Andy Brodie and Andrew Sherburne have already seen one dream come true. On Thursday, they’ll see another.
That’s when Scene 1, their 70-seat art house/indie cinema, opens its doors to a month of sneak peeks.
Two years after conversations began in earnest, their organization FilmScene is bringing movies back to downtown Iowa City, with a grand opening in the works for November.
“We both said, ‘Enough is enough. If nobody else is going to do this, we have to,’ ” said Sherburne, 34, of Iowa City, a documentary filmmaker. He is moving into a part-time marketing and promotions role with Scene 1, while Brodie, 33, of Iowa City, is serving as the full-time executive director.
Their long-range vision includes a two-screen cinema in a proposed downtown mixed-use high-rise, but they didn’t want to wait several years to see that dream realized.
“(Scene 1) is an intimate space,” Sherburne said. “It’s a comfortable environment to watch a film and the right environment. A lot of these (indie) films are intimate. … You’ll feel like you’re part of something exciting.”
Nearly half the $200,000 in startup funds came via the Founders Circle, in which 79 people pledged $1,000 or more to the cause. An all-or-nothing IndieGoGo crowdfunding campaign to raise $75,000 in 35 days actually brought in $91,000 this summer, allowing the non-profit organization to begin its run with a little money in the bank for operating expenses.
The cinema is actually nestled in part of an 1860s building at 118 E. College St. that’s been everything from a packing and provisions company to a casket manufacturer and, most recently, Vito’s, a bar popular with the college crowd. When Brodie saw the 30-foot ceilings in the back of the building, he knew it would be an ideal spot for a one-screen theater.
Iowa City developer Marc Moen bought the building in 2011 and has turned it into a mixed-use space that houses a clothing store, art gallery and mechanical-engineering firm, as well as Scene 1.
In addition to showing first-run American independent films, documentaries, foreign films and classics, the theater also features a cafe and concessions area, as well as access to a rooftop patio.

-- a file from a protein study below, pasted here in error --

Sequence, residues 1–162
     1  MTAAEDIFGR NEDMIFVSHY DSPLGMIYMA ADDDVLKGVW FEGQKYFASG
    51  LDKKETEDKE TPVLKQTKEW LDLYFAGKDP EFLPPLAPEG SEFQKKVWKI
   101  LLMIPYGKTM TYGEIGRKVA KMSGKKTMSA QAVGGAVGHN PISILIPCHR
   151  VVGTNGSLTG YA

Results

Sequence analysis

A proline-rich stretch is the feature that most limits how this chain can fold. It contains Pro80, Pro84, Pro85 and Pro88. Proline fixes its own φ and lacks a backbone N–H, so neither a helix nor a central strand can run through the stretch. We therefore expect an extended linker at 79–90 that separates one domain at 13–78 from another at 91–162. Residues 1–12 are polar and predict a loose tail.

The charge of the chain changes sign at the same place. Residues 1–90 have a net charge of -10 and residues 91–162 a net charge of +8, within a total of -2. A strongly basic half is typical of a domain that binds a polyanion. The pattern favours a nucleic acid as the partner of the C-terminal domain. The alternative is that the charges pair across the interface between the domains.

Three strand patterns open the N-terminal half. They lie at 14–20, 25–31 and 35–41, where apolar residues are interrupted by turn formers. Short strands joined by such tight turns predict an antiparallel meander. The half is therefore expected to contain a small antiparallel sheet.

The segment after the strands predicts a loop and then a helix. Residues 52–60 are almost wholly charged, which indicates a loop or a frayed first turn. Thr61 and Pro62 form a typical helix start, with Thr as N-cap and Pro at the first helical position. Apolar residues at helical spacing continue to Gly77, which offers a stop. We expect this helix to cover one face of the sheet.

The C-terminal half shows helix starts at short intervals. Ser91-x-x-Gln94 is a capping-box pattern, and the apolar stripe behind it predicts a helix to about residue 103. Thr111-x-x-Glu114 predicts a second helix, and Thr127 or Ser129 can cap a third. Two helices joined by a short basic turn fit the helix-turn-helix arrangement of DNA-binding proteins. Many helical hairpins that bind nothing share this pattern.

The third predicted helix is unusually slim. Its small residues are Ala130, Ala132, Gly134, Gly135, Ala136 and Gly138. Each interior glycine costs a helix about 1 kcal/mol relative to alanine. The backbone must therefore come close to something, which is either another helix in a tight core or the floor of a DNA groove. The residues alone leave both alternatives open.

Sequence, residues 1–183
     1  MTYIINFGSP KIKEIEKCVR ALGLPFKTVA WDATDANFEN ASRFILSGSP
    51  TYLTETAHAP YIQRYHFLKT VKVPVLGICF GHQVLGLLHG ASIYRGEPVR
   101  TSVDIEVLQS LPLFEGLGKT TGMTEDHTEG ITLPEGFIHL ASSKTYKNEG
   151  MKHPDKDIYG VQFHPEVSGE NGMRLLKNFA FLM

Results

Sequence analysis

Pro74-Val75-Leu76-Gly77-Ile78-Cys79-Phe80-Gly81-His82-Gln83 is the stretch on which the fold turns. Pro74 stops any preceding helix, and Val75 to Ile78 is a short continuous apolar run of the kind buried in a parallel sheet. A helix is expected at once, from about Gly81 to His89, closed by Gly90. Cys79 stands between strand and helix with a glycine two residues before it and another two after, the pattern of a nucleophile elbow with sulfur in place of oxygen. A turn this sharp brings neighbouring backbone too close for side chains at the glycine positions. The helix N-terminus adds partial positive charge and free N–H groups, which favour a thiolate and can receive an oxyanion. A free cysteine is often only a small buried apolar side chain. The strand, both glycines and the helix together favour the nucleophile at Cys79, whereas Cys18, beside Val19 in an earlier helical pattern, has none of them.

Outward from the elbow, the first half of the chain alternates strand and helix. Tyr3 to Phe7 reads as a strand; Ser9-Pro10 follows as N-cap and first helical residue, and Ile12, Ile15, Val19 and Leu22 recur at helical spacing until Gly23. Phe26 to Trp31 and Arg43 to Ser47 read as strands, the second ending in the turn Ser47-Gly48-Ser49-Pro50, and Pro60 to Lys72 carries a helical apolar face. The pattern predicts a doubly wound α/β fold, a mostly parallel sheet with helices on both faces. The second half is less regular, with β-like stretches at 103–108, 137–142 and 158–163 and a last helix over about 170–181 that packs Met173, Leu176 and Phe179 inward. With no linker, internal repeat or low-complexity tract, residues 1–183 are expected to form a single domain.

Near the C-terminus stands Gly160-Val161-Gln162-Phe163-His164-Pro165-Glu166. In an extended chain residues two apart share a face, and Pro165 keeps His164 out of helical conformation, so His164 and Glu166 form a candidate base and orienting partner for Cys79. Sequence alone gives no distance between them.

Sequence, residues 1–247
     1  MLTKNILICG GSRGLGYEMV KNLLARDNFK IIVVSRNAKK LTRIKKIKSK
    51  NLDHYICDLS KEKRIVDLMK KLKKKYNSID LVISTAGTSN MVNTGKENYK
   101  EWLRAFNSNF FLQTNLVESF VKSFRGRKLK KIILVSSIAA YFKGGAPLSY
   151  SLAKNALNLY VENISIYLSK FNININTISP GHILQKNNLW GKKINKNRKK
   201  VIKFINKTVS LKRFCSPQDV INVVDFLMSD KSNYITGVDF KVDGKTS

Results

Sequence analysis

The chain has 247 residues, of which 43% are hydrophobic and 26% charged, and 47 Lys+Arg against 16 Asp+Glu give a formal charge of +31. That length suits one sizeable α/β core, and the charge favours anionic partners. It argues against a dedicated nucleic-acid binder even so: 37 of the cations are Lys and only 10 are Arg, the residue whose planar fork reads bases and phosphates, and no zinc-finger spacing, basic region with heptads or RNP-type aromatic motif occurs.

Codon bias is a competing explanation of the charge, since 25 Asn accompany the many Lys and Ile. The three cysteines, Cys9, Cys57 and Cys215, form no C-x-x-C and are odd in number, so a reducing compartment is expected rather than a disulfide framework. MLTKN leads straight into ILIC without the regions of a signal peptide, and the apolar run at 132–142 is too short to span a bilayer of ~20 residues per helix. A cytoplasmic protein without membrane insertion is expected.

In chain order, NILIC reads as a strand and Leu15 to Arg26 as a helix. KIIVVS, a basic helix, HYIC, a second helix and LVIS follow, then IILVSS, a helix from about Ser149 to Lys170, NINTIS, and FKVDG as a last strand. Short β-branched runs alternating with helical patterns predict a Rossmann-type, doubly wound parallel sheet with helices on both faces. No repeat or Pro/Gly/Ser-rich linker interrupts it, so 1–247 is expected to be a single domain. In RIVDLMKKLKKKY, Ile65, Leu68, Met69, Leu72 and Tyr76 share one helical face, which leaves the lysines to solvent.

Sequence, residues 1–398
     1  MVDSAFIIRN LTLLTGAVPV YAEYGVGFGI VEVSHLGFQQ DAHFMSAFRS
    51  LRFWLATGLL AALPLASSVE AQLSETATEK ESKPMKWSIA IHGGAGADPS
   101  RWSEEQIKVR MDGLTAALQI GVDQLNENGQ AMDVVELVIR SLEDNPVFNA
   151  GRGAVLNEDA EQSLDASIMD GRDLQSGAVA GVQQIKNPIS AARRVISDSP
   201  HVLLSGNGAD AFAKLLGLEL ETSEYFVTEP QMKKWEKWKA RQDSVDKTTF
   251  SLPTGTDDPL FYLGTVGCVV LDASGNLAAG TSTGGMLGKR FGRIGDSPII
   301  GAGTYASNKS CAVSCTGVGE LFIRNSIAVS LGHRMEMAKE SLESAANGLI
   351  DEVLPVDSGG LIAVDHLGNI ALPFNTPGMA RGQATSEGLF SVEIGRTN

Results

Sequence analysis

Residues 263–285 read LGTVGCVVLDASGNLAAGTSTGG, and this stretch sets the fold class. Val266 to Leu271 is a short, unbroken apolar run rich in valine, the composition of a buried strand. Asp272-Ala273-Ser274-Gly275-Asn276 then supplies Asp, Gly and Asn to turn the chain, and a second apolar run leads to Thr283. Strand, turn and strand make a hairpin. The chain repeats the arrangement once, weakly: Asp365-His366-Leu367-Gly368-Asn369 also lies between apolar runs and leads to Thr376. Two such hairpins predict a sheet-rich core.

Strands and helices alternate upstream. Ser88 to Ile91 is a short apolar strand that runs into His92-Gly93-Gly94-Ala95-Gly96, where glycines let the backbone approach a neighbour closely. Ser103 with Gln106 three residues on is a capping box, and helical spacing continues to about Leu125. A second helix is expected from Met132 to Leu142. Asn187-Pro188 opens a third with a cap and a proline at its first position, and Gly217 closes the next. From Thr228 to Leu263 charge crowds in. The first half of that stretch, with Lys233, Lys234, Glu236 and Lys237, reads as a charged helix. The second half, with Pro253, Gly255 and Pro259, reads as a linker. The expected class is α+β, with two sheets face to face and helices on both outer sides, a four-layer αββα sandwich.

With state-of -the art audio/visual equipment to buy and all the theater spaces to carve out, “it’s surprising how fast” the money goes, Brodie said.
“You can always use more, like any arts non-profit,” he said. “We should have a little bit of a reserve when we start, and we’ve been able to build a pretty big following through all the programming we’ve done up to date and the fundraising efforts, which is nice to have before we open our doors.”
FilmScene also has been able to save a few bucks here and there. Pre-flood Hancher patrons will recognize the cinema’s permanent seats — 62 donated seats diverted from the scrap heap after the Iowa River raged through the University of Iowa’s signature auditorium in June 2008. Couches will be added in front and back, bringing the seating capacity to between 70 and 75, including handicap-accessible spaces.
“People really like that soft seating,” Brodie said. “It turns the front row from something that people avoid into something they kind of seek out. … It’s just a trend we’ve seen in cinemas recently.”
Such trends gave root to the whole FilmScene project. A former volunteer and one-time director at the University of Iowa’s Bijou Cinema, Brodie has been in small theaters all over the country, assisting with film festivals and showing his own films.
“I’ve seen a lot of really cool venues for cinema in different cities — large cities and college towns — and just hated that when I came home to Iowa City, a city I love a lot, that we didn’t have that kind of a space — a full-time, 365-days-a-year modern space with the kind of movie-going experience that people were really responding to well in other places.”
The UI’s student-run Bijou, which has bounced around the Iowa Memorial Union since the 1970s, is moving its programming into Scene 1.
“It will be a great evolution of what they’ve been doing,” Sherburne said, and will help fill the vision of daily, year-round screenings. FilmScene also will continue its partnership with the Englert, including this week’s silent films accompanied by the Alloy Orchestra from Cambridge, Mass.
“There’s been a hole in the fabric of the Corridor’s art scene, and FilmScene will fill that missing piece,” Sherburne said. “Film is an art form, certainly, and one that combines quite a few others — whether it’s the written word, theatrics, music, visual arts. It’s all these things wrapped up in one. It’s deserving of its own home, and that’s what we set out to do, and I think we’ll meet that goal.
“Movies are something that people have been going to for more than a hundred years, and people want that in the cultural heart of the community — and that’s what downtown is to our community.”
If you go:
— Buster Keaton’s silent film, “The General,” 8 p.m. Wednesday (10/2), Englert Theatre, 221 E. Washington St., Iowa City; $15 to $20, Englert Box Office, (319) 688-2653 or Englert.org
— SOLD-OUT: An Evening with Alloy Orchestra at Scene 1, 6:30 p.m. Thursday (10/3)
— “Gold Fever,” documentary, 7 p.m. Oct. 10, Scene 1, free
— Grand Opening: To be announced, November